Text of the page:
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FACT CHECK:
Clean Energy Alliance Funding

 

Claim:

The Woodpecker’s June issue claims that in the thick of the COVID-19 budget crisis, Mayor Haviland has led the effort to fund the Clean Energy Alliance (CEA) with Del Mar chipping in $150,000, “with Haviland’s assurance in the May 18, 2020 special council meeting that there would be no further liability or cost. One month later, as a CEA board member, Haviland voted in favor of asking the 3 Alliance cities (Del Mar, Carlsbad, Solana Beach) to consider providing a guarantee or cash collateral of $4.5 MILLION to meet CEA’s approved startup budget for 2020/21.”

Once again, the Woodpecker misstates the facts and fails to provide relevant context, misleading readers as to the financial risks of the CEA.

Background:

The creation of the CEA Joint Powers Authority was approved by a 4-1 Council vote, putting Del Mar on track to provide greener energy at a lower cost than SDG&E, and providing local control over Del Mar’s energy, with service starting in May 2021. The CEA is the most significant way Del Mar can meet the greenhouse gas goals in its Climate Action Plan (CAP), which was adopted unanimously with strong community support. The CEA is the #1 priority of the CAP and the Sustainability Advisory Board. Each of the three cities in the CEA (Del Mar, Solana Beach and Carlsbad), which have equal voting power, agreed to advance $150,000 in start-up costs, which is planned be paid back within the next few months. The CEA’s May 2020 financial pro forma shows that once it begins selling power in May 2021, it will have the resources to service its loan, pay its operating costs, provide power at lower cost than SDG&E, and put money into a reserve, with an estimated $14.8 million in reserves by 2025.

Facts:

The decision and commitment to fund Del Mar’s $150,000 share of the CEA’s start-up costs was made before the COVID-19 pandemic, and was included in the City’s budget; the June 15 Council action was simply unanimous approval of this previously-committed expenditure.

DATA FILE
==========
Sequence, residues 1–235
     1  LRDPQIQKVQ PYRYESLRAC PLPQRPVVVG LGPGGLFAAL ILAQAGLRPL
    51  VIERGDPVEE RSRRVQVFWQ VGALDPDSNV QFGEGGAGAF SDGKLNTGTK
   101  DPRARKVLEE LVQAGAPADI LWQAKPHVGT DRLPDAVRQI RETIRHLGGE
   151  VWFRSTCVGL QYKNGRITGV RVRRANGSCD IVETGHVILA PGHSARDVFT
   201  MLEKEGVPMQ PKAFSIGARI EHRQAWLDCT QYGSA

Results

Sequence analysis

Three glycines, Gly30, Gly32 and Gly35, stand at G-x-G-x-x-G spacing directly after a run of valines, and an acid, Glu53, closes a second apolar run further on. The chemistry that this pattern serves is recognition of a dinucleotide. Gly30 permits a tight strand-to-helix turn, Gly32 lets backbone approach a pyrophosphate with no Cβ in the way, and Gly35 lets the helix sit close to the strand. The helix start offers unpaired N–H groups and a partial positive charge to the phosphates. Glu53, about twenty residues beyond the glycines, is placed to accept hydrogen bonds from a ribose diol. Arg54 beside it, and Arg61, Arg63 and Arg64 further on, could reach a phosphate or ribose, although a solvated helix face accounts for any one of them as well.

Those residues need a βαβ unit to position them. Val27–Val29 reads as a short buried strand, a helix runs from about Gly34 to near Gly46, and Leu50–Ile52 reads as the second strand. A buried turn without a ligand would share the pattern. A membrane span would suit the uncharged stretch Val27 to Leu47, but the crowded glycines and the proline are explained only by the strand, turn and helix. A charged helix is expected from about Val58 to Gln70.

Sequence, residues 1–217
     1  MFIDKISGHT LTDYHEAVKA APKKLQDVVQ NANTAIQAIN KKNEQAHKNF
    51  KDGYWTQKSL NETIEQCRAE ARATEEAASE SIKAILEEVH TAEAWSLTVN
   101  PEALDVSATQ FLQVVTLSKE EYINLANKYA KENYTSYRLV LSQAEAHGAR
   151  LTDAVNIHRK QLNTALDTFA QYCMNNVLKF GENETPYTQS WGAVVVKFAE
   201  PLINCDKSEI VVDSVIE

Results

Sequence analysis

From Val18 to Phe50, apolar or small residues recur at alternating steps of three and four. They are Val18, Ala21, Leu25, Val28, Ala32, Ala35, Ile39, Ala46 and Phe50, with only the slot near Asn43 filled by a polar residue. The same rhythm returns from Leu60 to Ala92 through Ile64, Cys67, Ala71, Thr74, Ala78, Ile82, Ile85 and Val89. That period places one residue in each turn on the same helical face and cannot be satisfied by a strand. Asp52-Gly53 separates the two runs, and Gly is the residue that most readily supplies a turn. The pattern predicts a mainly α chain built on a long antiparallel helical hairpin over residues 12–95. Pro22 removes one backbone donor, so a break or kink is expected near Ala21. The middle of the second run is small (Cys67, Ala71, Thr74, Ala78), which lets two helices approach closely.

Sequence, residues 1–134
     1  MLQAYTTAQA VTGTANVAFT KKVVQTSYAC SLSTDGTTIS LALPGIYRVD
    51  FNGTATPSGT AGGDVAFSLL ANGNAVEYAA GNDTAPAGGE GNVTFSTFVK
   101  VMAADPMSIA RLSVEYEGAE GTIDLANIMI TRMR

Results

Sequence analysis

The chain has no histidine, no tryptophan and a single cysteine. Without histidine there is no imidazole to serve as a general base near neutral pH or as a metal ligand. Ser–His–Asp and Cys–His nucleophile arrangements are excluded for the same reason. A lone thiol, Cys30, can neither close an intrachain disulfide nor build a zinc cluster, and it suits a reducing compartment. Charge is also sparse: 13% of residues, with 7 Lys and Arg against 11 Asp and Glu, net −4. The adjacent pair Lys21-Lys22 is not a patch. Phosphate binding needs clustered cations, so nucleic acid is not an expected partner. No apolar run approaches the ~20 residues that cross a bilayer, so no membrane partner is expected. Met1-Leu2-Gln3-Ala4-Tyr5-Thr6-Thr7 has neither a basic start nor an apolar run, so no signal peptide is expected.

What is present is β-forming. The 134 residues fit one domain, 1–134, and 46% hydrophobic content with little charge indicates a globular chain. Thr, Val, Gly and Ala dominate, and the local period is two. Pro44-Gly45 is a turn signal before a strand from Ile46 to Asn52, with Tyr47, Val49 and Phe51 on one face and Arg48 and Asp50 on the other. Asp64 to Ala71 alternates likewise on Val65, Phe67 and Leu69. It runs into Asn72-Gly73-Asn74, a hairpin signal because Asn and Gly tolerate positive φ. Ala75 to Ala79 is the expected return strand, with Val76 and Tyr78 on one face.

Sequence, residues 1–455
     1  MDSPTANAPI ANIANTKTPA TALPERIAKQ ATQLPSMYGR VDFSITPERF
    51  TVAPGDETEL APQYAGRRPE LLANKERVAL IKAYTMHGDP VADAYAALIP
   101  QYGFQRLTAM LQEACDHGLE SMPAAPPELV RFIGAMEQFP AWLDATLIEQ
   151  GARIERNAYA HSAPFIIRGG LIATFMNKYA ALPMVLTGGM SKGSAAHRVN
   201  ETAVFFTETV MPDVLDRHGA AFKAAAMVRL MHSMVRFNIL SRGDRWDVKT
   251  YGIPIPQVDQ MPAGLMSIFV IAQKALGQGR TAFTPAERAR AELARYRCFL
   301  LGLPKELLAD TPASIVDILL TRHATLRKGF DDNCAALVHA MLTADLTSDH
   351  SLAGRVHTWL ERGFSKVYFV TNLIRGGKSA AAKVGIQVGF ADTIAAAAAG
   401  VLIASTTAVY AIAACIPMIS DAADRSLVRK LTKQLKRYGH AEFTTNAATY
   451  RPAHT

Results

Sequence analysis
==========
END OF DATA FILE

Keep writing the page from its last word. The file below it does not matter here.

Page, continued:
Because the CEA is a separate governmental entity, it serves as a “firewall” protecting participating cities from financial risk from its operations, as confirmed by legal counsel. Mayor Haviland’s assertion that there is no liability to the City is accurate. It is also accurate that no further costs can be imposed on the City without its consent, and as noted above, once the CEA starts selling power in May 2021, its financial pro forma shows it will have a positive cash flow and the ability to build substantial reserves.

The CEA has planned to secure a line of credit and loan to cover its operating expenses (including entering into power contracts) during its start-up period, so that it is prepared to sell power in May 2021. At its June meeting, the CEA’s board discussed two loan options. One of the two options under consideration by the CEA requires security totaling $2.5 million; the other loan option does not require security, but is more expensive. The member cities are expected to consider both loan options. The Woodpecker misstated the security requirement as “a guarantee or cash collateral of $4.5 million.” The $2.5 million (not $4.5) security can be met in a number of ways - including apportionment among the cities based on energy load (which would result in an approx. $75,000 share to Del Mar); or by third party participation. And only one of the two loans under consideration requires security. Either of these loans will result in Del Mar getting back its $150,000 advance for start-up costs within the next few months. While a security requirement would result in some risk, the pro forma and other financial analysis indicates that the risk is not significant, either in terms of the likelihood that the CEA would not be able to service the loan, or in terms of the total dollar amount at risk.

The Woodpecker reports that there were “calls from residents asking for City Council to hold off on getting into the electricity business,” but fails to note the strong support from many other residents, including the Sustainability Advisory Board, to move forward with the CEA in order to meet our Climate Action Plan and gain local control over our energy.

 

 

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